1. 3 things I will do to stay safe at work are…
I will ensure that I have proper safety information and training received from proper instructor, I would always ask if I have any question. It is also important to make sure that I am working in a safe environment, I would look around my surrounding to make sure there are nothing dangerous. Lastly, I would refuse unsafe work, I would not work a condition that I think is not safe.
2. 2 things I will do to keep others safe at work are…
I will make sure my co-worker follow safety rules and instruction properly and look after them if they need help in order. I would need to work with other people in any workplace, keeping my co-workers safe also keep me safe.
3. Which story about a workplace accident stuck with you the most? Why?
The workplace that stuck with me the most is the girl who lost three fingers. I think this is a common mistake many made, they may think this wouldn’t happen to them or they knew they wouldn’t do that. Yet sometimes people just didn’t think that much, such as the girl in this incident. She did not ask other to help when the dough got stuck and she did not turn off the machine before she put her hand in there. It is important to pay attention to your surrounding as even the smallest thing can be dangerous.
This podcast “Uncover”, is about a residential school survivor named Rev. Mary Battaja. Mary attended the Choutla Residential School in Carcross, Yukon. “Uncover” will reveal what happened in residential school, how Mary survived throughout the time and how residential school influenced her as a person and her life today. She tried to get rid and forget her past, traumas and continues living. While hearing Mary’s story, I feel deeply sorry for children who went to residential school. I hope more people would hear stories of residential school survivors and make sure the same mistake will never happen again.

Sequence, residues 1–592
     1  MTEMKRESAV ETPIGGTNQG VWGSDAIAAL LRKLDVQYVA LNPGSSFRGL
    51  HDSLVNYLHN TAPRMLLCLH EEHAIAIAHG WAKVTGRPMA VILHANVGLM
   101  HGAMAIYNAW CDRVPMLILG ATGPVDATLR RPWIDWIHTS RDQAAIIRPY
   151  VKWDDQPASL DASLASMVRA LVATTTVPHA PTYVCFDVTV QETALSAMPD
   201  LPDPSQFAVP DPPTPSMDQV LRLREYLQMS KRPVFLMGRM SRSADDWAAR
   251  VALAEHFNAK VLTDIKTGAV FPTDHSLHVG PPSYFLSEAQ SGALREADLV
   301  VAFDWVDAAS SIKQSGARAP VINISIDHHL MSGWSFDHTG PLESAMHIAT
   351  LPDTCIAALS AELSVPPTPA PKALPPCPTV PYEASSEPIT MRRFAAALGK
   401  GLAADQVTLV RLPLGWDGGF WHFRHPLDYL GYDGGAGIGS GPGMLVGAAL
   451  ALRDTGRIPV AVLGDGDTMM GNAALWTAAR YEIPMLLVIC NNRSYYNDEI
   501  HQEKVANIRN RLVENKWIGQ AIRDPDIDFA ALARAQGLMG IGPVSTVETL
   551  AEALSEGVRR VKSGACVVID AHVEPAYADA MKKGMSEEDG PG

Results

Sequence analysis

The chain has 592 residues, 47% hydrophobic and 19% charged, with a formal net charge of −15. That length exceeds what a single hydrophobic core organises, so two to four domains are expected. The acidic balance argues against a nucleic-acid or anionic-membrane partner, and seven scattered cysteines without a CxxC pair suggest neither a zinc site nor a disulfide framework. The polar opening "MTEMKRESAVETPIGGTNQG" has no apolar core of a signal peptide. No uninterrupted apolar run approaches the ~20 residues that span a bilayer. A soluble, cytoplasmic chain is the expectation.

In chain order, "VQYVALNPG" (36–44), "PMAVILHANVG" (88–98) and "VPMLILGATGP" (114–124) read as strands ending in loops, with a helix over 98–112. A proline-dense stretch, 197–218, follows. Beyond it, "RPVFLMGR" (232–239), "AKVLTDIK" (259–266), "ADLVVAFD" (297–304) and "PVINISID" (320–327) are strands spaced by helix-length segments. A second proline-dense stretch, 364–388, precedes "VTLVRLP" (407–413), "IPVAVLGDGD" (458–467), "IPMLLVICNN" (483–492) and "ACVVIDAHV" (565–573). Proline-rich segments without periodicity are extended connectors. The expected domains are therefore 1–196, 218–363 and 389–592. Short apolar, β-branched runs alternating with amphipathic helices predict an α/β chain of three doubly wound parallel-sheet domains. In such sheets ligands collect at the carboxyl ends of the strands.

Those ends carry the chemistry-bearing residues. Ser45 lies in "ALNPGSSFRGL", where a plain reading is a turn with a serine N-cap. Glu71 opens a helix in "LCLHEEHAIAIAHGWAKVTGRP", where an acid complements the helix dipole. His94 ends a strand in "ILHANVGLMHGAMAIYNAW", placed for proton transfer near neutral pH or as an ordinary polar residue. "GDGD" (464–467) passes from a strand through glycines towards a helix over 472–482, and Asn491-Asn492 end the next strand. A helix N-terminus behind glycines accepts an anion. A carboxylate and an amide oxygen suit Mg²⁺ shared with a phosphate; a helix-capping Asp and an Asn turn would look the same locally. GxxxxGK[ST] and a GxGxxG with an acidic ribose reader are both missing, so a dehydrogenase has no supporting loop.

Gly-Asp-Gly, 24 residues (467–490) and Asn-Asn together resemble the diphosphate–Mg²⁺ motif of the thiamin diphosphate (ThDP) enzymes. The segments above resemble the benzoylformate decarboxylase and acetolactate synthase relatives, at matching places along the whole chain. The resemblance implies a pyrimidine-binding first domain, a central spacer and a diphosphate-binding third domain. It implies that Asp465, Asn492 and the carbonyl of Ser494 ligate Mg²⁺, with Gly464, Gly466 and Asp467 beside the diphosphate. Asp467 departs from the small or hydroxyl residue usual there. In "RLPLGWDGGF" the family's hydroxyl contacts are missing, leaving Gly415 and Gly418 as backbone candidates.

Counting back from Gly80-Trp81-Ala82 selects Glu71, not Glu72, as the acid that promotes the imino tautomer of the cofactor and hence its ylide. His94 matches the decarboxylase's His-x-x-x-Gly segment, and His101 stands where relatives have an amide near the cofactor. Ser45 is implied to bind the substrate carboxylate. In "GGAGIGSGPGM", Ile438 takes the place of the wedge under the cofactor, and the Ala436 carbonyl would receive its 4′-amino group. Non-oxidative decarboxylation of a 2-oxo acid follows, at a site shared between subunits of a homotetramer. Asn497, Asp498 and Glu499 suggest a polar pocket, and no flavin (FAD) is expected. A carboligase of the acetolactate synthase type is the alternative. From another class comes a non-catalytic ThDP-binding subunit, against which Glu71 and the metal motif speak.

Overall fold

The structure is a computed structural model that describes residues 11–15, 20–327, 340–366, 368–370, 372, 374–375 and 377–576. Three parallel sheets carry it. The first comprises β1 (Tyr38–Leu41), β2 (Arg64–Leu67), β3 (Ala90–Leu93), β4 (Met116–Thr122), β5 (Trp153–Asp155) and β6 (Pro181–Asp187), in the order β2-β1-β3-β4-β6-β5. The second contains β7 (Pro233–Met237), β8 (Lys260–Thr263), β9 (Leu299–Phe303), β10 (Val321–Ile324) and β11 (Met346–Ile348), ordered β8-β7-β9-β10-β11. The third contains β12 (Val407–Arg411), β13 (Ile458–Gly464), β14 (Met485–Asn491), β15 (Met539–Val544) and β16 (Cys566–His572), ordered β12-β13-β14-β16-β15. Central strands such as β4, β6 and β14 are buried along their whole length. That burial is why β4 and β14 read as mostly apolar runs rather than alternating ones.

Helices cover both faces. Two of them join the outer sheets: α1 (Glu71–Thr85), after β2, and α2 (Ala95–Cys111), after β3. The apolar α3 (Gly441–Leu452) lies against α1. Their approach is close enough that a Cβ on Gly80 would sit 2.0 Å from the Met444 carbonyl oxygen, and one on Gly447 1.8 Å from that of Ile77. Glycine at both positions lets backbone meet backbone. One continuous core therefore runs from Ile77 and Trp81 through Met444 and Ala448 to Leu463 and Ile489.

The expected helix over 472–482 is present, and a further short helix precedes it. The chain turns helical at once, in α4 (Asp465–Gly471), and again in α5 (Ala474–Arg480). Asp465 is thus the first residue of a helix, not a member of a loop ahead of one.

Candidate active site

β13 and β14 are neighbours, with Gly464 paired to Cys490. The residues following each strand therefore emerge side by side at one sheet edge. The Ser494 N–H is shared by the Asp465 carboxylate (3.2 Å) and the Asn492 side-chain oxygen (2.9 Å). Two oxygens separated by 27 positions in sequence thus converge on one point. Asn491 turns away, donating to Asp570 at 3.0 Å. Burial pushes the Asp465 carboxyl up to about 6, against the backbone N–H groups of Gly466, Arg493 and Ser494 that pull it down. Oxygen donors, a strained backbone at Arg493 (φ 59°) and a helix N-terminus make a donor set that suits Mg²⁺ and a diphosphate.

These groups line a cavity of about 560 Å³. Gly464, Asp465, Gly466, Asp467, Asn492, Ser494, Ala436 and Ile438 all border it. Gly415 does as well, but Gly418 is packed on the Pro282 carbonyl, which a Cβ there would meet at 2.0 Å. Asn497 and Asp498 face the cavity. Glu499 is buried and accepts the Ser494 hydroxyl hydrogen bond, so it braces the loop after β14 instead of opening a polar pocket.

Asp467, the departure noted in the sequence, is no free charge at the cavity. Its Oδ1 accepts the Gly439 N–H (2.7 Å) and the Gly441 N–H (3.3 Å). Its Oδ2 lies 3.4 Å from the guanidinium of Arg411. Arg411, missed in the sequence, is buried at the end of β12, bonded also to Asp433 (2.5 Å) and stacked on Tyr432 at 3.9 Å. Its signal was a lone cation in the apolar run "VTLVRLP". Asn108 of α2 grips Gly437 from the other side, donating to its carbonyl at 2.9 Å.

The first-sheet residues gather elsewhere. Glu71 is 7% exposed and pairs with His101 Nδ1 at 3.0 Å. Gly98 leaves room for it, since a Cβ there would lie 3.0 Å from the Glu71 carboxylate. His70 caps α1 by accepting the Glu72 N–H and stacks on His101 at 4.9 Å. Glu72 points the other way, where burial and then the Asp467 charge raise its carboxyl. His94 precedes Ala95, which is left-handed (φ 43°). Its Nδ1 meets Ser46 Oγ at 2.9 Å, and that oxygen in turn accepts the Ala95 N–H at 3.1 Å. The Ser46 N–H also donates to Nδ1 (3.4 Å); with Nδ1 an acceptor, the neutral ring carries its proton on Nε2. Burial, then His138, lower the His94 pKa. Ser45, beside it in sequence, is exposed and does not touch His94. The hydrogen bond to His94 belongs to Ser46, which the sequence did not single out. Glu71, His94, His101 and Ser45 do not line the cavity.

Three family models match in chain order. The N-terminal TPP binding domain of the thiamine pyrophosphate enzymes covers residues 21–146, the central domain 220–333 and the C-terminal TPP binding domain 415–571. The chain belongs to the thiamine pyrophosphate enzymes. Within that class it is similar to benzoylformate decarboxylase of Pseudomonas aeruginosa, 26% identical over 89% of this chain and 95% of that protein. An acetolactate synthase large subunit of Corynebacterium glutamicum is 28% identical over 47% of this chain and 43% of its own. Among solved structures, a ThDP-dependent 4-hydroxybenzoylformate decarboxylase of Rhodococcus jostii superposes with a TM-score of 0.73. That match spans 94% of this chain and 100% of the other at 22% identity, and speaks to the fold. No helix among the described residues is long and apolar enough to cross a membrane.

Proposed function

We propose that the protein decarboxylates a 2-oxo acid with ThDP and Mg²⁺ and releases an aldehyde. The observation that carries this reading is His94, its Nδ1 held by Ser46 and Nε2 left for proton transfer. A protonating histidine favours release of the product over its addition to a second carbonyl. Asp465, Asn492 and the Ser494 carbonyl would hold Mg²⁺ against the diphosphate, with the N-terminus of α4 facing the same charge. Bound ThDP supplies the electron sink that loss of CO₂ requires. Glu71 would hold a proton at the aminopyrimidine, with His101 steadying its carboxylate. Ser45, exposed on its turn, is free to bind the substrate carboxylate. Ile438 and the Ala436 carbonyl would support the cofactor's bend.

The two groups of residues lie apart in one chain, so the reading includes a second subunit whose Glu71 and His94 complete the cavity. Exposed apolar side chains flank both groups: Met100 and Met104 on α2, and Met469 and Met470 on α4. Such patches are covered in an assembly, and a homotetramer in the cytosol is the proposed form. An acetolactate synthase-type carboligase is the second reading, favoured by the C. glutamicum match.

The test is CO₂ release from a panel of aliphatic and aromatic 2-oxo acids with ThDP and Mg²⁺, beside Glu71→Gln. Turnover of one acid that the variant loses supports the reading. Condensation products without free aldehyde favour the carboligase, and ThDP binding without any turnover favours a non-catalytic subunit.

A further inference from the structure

Campion-Smith, Bruce. “Survivors Remember Days in Residential Schools.” The Star, 2 June 2015, www.thestar.com/news/canada/2015/06/02/survivors-remember-days-in-residential-schools.html. Accessed 5 November 2020.
Thomson, Nancy. “Yukon Chief Knocks on Doors, Urges First Nations Citizens to Vote.” CBC News, 13 Oct. 2015, www.cbc.ca/news/canada/north/chief-of-yukon-s-kwanlin-d%C3%BCn-first-nation-urges-citizens-to-vote-1.3267843. Accessed 5 November 2020.
“Rev. Mary Battaja.” Legacy of Hope Foundation, 30 Oct. 2019, https://legacyofhope.ca/en/wherearethechildren/stories/battaja-2/. Accessed 5 November 2020.
Watts , David. “Anglican Indigenous Sacred Circle 2000 Walking a New Vision.” Anglican Council of Indigenous Peoples, archive.anglican.ca/sc2000/news1.htm. Accessed 5 November 2020.
In 2013, Extra created a commercial called “Father & Daughter” to promote their spearmint flavor gums. Their target audience is all ages, as people eat gums no matter what their age is. The story is about a father that uses gum wrappers to make origami swans for his daughter whenever they eat gums. It turns out the daughter kept all the origami swans her dad made for her. It shows the bond between her and her father. Different advertising techniques are used in this commercial. One of the techniques that apply to this commercial is plain folks, the daughter and father are just like any ordinary family, they are neither celebrity or expert. Overall, the mood of the advertisement is sad, as it is designed to make the audience sob, which could be identified as emotional appeal. At the end of the commercial, repetition was used. The slogan, “Give Extra Get Extra” appeared, it is a catchphrase that Extra used every time in their commercial.